Example Scenarios of NPV and IRR
Let us take a look at how IRR is used in project management.
In the attached images, there are two examples of present value cash flow scenarios. In Figure 1, there is an initial investment of $110 with a discount factor of 10%. Over a period of 5 years, its net present value results in 2.4. In figure 2, there is an initial investment of $150. Over a period of 5 years, its net present value is 64.15
In these cases, if an increased discount rate is applied or higher IRR is applied, figure 1 will result in figure 3, resulting in a NPV of -9.75 with a discount factor of 14%. In the case of figure 2, if a discount factor of 19% is applied, the resulting NPV will be 0.80.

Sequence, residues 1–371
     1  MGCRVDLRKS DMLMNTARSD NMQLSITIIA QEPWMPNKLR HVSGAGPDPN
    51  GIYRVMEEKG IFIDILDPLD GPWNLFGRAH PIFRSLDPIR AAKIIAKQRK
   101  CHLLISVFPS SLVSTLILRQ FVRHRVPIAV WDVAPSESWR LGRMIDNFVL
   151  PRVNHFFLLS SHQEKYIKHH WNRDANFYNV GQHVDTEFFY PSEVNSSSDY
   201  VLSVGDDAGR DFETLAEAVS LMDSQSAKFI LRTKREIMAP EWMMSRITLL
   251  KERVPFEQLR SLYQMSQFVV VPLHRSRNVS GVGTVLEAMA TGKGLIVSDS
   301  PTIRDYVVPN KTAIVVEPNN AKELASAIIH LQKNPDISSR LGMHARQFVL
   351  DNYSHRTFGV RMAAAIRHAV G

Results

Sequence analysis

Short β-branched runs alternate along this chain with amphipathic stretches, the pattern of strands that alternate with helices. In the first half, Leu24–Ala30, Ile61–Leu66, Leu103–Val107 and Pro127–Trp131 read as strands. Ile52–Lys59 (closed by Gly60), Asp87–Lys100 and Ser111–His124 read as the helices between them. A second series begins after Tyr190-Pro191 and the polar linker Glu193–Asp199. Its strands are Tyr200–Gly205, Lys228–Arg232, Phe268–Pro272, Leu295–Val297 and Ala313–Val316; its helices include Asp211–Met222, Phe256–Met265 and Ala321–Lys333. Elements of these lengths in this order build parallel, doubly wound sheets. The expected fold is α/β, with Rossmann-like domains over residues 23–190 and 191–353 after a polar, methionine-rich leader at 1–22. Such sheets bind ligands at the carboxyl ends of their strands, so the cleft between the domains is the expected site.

As in fig 4, when an IRR of 19% is applied to fig. 2 it results in an almost zero NPV.
Since the higher the IRR, the better the project’s feasibility, figure 4 with an IRR of 19% is a better choice from a project management point of view.